But W.D. Richter's screenplay suffers its greatest blow in the way it handles the various foreign countries encountered by Ben and company. First they accidentally enter Russian airspace while chasing Eddie. When the Russians show up believing themselves to be under attack (quite understandably, given there are three U.S. fighter jets dashing around their airspace), our heroes' response is to shoot them all out of the sky. No attempt is made to explain what's happened, to maybe enlist the Russians' help in stopping the rogue Eddie. Nope, we just kill them. And this is Russia, one of the places we're on reasonably good terms with.

The same thing happens when Kara lands in North Korea -- really, seriously, don't ask how she gets there -- and local soldiers come after her. She barely even tries to escape without engaging them. As soon as she gets her hands on a weapon, she opens fire.

Let's say you come home one night really drunk and you accidentally enter your neighbor's house rather than your own. Then, when your neighbor comes downstairs with his gun to investigate the noise he heard, you shoot him. That's pretty much what we're talking about here.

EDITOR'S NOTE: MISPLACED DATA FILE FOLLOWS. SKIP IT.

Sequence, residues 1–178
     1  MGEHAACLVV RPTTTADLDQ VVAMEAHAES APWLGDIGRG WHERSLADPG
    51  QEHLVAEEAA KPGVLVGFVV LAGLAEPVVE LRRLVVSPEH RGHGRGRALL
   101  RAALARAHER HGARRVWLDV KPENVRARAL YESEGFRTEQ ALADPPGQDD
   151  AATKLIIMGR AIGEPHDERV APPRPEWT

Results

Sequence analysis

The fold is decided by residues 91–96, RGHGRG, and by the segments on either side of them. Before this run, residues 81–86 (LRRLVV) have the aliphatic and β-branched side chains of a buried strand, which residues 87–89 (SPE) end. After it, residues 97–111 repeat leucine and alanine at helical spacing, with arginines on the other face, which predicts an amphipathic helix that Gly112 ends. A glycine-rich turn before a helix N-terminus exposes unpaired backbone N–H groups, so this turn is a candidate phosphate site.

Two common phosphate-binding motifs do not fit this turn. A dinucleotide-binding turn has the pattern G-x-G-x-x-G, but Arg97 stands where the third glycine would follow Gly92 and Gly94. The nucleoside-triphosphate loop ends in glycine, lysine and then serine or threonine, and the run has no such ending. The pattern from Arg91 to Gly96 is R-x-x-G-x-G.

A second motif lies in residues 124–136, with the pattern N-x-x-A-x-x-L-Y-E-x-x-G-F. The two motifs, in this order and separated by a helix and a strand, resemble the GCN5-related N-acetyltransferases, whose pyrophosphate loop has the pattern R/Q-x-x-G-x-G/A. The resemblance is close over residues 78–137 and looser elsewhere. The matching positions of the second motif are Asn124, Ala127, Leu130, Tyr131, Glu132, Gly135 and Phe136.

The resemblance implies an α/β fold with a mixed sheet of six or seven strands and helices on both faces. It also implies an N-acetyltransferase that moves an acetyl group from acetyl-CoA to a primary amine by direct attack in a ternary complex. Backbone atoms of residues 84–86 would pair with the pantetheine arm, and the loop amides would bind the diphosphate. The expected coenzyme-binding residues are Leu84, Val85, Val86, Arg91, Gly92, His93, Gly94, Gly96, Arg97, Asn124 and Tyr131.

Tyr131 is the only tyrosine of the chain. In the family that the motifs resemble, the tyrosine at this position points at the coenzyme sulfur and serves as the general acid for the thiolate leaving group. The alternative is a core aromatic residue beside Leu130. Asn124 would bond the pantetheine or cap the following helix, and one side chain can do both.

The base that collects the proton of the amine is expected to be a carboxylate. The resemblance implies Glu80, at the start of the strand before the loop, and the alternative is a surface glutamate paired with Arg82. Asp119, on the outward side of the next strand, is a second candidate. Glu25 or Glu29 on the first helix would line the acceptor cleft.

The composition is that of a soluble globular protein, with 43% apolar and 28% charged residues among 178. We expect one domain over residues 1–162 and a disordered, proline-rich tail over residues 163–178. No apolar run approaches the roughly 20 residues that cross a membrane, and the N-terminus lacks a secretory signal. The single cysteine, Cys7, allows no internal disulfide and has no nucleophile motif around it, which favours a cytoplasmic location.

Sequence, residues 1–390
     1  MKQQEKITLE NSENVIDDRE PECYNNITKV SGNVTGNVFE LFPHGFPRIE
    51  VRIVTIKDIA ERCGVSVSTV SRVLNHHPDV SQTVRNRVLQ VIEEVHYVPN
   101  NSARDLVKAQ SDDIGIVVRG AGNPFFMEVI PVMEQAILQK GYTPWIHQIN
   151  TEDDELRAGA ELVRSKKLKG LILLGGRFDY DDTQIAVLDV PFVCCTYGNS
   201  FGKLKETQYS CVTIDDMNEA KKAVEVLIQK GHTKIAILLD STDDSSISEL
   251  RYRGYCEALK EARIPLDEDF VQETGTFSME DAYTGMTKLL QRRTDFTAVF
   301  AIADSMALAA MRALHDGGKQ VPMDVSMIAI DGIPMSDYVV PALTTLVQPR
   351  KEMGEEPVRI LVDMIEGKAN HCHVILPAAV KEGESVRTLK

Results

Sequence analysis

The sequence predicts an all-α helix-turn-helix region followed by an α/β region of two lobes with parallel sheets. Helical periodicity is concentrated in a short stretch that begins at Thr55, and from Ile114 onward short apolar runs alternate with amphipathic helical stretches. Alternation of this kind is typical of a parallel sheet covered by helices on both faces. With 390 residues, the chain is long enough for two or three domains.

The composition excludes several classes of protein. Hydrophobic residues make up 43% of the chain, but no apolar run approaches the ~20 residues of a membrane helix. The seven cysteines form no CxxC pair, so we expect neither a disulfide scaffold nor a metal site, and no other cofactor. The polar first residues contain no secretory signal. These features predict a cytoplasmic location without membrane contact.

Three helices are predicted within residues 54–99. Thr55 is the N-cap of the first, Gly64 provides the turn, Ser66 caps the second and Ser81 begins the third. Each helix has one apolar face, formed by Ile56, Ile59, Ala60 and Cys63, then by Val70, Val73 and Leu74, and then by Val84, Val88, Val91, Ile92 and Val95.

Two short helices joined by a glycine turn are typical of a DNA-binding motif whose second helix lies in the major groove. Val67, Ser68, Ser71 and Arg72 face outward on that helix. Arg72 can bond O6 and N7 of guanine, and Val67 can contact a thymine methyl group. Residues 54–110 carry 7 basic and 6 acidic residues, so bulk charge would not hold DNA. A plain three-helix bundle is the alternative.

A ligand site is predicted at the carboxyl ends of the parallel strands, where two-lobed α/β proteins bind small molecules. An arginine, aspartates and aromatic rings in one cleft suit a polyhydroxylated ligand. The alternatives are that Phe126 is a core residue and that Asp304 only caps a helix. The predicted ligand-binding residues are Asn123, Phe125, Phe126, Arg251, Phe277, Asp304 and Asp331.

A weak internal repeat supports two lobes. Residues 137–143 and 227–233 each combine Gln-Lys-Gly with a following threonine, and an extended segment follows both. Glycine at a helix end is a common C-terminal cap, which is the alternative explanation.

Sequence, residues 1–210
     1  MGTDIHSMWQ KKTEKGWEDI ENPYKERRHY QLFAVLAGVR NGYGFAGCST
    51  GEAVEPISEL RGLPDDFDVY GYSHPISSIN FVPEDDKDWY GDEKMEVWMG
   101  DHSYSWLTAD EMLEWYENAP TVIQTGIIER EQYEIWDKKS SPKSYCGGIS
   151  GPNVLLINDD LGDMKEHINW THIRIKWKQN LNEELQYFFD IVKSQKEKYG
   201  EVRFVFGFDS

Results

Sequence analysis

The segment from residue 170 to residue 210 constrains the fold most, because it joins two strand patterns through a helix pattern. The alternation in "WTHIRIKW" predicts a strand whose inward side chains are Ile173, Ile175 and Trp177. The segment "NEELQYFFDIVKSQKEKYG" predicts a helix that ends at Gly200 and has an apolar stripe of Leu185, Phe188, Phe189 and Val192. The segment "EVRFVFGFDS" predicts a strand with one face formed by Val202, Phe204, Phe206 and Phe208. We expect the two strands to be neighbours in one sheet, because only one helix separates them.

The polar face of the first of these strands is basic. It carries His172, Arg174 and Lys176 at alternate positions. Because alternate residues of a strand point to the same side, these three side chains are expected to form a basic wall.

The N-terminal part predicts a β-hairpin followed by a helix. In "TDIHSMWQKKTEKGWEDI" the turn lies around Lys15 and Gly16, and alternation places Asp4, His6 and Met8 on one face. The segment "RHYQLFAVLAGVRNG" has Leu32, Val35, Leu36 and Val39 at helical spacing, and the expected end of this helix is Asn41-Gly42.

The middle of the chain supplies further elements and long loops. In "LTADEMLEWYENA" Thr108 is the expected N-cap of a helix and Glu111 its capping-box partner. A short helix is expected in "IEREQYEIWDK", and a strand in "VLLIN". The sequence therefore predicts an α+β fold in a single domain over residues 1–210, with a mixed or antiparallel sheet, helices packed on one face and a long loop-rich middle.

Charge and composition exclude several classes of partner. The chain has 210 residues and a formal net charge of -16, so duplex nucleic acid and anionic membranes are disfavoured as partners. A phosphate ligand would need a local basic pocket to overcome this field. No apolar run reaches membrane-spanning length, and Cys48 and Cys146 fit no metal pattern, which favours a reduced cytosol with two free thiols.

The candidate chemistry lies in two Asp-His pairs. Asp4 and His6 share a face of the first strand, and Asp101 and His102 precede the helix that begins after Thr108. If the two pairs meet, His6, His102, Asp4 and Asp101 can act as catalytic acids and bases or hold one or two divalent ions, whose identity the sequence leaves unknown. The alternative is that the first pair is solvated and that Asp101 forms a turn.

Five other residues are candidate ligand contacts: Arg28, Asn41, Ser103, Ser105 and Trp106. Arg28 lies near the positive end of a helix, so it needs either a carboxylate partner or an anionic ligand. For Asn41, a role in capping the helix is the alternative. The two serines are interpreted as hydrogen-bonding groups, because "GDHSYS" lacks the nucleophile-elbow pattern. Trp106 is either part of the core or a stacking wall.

So in short, while it might seem like a good idea to go watch the movie about the magical talking airplane, it turns out that's actually a bad idea. I know, it's hard to imagine a magical-talking-airplane movie letting you down, but there you go.

Grade: D

Rated PG-13, a little violence, scattered profanity

2 hrs., 1 min.

Stumble It!

Subscription Center

Eric D. Snider's "Snide Remarks"

This is to join the mailing list for Eric's weekly humor column, "Snide Remarks." For more information, go here.

Subscribe

Eric D. Snider's "In the Dark"

This is to join the mailing list for Eric's weekly movie-review e-zine. For more information on it, go here.

Subscribe
 
Come read about baseball and web development at www.jeffjsnider.com | Diamond Clarity Chart